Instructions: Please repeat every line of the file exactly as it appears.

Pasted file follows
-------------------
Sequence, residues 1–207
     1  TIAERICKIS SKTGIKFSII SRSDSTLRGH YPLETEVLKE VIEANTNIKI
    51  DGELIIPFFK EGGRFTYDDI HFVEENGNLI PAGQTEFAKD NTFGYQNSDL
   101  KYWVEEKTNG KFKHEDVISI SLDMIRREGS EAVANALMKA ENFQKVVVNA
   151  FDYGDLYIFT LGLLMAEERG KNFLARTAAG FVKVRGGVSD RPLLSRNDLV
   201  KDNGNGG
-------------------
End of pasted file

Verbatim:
Sequence, residues 1–207
     1  TIAERICKIS SKTGIKFSII SRSDSTLRGH YPLETEVLKE VIEANTNIKI
    51  DGELIIPFFK EGGRFTYDDI HFVEENGNLI PAGQTEFAKD NTFGYQNSDL
   101  KYWVEEKTNG KFKHEDVISI SLDMIRREGS EAVANALMKA ENFQKVVVNA
   151  FDYGDLYIFT LGLLMAEERG KNFLARTAAG FVKVRGGVSD RPLLSRNDLV
   201  KDNGNGG